“I’m not so sure, Carl.” said Jackson. “It’s possibly time we all got some rest, actually.”
“No, no… I’m fine…” he persisted.
“I’m so thirsty.” Molly cut in.
“Same.” agreed Taylor, “Let’s go ask Andrew for something to drink. Anyone else want something?”
“No thanks.” and “I’ll pass.” followed.
“Suit yourselves.” Taylor shrugged, “Let’s go, Molly.” They left the room, closing the smooth cream door behind them.
“Where are we?” Serena said softly. This was the first she’d spoken in a while.
“Wh- don’t you remember?” enquired Dom.
“I remember everything,” Serena reasoned, “But I still don’t remember where we are. The note said we were at the end of a rainbow. That’s all. What does it mean? How do we know we’re not here forever?”
I think a couple of us may have given this deeper thought if Taylor hadn’t burst into the room with Molly drooping at her side.
“It’s happening again!” was all she needed to say. But, she was Taylor, so she said more: “We were just walking into the bar, and Molly was one-hundred percent, then next thing I know, she’s out like a light bulb! And then the light thingies happened again.” She laid Molly on a bed where the rest of us crowded her.
“Hmm…” said Serena, “In what colour?”
“Uh, green, I guess.” Taylor reflected distantly.
“Wait – when I passed out, was I doing that?”
“Yup. In red.” Taylor rested her hand on Molly’s bed. Molly moaned slowly, and sat up a little, supporting herself with her elbow. Her eyes turned florescent green before returning to black. She mumbled something in Chinese and then something in English that wasn’t clear enough to understand.
“Okay, okay, I’m awake.” Something in Molly’s casual attitude suggested she was able to piece together exactly what had just happened, and that she didn’t mind too much, either. Later, I would understand that that was just typical Molly.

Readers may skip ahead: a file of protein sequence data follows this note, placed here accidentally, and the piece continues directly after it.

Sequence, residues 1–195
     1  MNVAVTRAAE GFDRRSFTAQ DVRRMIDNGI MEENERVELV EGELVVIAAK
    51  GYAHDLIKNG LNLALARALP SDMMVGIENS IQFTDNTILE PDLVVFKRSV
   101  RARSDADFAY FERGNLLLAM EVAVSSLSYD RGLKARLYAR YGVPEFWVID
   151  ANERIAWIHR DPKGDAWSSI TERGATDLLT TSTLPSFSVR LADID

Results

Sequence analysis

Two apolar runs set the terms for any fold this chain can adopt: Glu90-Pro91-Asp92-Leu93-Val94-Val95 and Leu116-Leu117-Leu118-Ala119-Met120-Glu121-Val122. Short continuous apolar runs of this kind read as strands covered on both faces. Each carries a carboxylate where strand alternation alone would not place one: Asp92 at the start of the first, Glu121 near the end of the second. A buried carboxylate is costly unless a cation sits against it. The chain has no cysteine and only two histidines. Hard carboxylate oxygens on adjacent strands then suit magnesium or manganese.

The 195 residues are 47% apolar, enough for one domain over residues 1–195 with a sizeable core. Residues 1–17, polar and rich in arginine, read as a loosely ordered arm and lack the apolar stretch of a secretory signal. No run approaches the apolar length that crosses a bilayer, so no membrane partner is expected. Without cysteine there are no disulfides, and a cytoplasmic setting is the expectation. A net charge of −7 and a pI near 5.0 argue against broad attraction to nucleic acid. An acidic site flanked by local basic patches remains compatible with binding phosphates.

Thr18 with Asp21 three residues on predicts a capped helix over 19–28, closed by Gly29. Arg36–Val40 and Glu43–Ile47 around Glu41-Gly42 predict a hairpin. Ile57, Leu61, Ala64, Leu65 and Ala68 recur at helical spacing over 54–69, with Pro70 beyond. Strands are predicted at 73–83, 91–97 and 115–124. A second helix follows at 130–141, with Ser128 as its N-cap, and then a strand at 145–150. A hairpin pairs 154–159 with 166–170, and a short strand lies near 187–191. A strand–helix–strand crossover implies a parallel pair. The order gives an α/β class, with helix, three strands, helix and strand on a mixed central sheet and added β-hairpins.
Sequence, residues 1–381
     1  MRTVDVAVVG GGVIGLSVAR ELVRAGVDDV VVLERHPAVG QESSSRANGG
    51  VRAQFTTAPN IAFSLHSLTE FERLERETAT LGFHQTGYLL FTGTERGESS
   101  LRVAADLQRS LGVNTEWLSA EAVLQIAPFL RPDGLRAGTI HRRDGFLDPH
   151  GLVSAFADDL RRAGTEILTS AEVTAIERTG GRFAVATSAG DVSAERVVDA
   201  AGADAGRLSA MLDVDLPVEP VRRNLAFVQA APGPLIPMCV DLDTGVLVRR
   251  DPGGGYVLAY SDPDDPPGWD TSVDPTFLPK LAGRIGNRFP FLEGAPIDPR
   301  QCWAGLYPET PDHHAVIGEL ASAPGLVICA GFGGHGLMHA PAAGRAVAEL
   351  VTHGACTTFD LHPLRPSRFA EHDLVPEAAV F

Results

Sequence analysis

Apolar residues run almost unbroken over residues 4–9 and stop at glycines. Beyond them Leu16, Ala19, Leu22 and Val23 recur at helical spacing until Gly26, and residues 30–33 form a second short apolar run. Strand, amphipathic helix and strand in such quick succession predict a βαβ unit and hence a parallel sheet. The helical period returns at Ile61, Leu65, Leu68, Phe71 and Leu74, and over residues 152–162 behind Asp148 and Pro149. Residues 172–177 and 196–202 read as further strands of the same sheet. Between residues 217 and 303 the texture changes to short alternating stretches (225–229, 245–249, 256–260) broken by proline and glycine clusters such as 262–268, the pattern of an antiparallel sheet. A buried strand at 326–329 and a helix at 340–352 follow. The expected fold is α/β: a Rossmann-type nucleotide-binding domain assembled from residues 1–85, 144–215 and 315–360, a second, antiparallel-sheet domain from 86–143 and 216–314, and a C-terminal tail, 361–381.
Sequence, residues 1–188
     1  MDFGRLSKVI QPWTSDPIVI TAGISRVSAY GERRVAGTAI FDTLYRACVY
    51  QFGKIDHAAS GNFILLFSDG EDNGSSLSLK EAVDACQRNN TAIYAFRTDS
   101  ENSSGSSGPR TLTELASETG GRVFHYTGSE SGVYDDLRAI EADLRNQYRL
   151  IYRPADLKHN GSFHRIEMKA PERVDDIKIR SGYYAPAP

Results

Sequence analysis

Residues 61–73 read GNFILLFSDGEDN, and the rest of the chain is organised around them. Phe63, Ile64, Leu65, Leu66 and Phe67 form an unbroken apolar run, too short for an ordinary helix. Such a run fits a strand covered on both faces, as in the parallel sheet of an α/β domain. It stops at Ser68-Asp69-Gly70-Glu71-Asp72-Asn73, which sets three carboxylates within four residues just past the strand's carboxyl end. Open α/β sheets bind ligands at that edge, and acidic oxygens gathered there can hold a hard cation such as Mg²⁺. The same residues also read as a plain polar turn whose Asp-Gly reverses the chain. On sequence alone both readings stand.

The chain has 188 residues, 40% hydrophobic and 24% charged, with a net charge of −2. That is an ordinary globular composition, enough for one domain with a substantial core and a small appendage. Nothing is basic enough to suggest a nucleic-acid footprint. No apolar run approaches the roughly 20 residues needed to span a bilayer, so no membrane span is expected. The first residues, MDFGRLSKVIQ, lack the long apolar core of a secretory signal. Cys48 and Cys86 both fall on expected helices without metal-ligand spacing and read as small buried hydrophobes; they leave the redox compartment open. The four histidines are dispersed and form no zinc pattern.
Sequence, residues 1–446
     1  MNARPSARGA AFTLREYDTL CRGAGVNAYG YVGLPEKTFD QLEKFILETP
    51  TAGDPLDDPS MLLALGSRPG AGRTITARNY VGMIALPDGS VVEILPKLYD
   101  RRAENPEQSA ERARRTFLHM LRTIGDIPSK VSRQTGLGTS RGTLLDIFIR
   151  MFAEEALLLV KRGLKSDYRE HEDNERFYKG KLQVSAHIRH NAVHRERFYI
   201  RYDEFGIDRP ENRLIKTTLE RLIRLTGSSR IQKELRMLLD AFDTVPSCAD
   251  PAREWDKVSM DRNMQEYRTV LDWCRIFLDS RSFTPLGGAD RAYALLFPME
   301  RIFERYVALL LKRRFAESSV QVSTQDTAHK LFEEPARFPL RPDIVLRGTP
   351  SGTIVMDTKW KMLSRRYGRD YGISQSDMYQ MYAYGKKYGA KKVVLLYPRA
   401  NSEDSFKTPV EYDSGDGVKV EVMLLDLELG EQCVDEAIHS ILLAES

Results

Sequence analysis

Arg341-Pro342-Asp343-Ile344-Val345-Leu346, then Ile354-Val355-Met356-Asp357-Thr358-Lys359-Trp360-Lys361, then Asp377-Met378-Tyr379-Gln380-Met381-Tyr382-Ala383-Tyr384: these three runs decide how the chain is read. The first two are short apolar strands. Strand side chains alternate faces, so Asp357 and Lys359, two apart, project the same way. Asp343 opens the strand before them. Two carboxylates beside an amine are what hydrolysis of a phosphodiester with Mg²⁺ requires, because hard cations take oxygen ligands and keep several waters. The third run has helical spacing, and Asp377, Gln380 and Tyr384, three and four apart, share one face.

“So, how many of us does that make?” Carl raised an eyebrow.
“Wait – four – but if you remember: the note said that if we hit a ‘barrier’, we could become unconscious. And, we think that’s what happened to Eva, right? But the rest of you passed out, just like that!” Serena suddenly exploded information after not speaking for a while. And this was typical Serena.
“Right. Man, you’re smart, Serena.” Taylor nodded, but the last few syllables of ‘Serena’ choked in her throat. “Nah, geez…” she sank to the floor, her palm glued to her face.
Then the ‘pass-out, freaky lights (blue), wake up, eyes flickering, I’m fine’ sequence repeated.
“This is kind of concerning.”
“I don’t understand.”
“I think I’m seeing links, but it still makes no sense.” Serena frowned. “Dom, are you- Dom?”
But he didn’t answer, purely because he had been knocked out. The lights, a deep purple, had already started coming by the time we noticed. Nobody even looked remotely worried anymore. It kept happening, and the excitement had disappeared.
Dom was fine, obviously, and Serena, sitting cross legged on the bed, was about to fall into deep thought, but then, she fell into unconsciousness. So that was just too bad.
Her lights were violet, and they were the heaviest yet. When she woke up, her eyes flashed so intensely I squinted. But she was only asleep for a few seconds, whereas we spent minutes like that.
“Wh-what colour was I?” Serena blurted.
“Violet.” I said slowly, not knowing what I’d trigger.
“Knew it!” Serena fell back on her bed.
“Knew what?” Taylor and Dom chorused.
“Think about this. The colours… and the orders…” Serena raised her eyebrows, smiling expectantly. No reaction. “It’s the order of the rainbow.” she finally sighed.
“Oh my gosh. Yeah, that’s right!” Jackson stroked his cheek. Glances were exchanged in awe. Nobody else passed out that night, but we decided it was time to hit the hay.
“What is it, Zephyr?” Jet stood in front of Album’s cylinder. The aura he and his army had stolen from her years ago was spinning around inside it relentlessly as ever.
Zephyr knelt down and placed his fist on his heart. “Master, we’ve just checked the cylinders. The keepers… they’ve been replaced. And they’re united.”
“What?” Jet shouted, turning. Quickly, he returned to his usual state of calmness. “Tell me, Zephyr, do they know who they are yet?”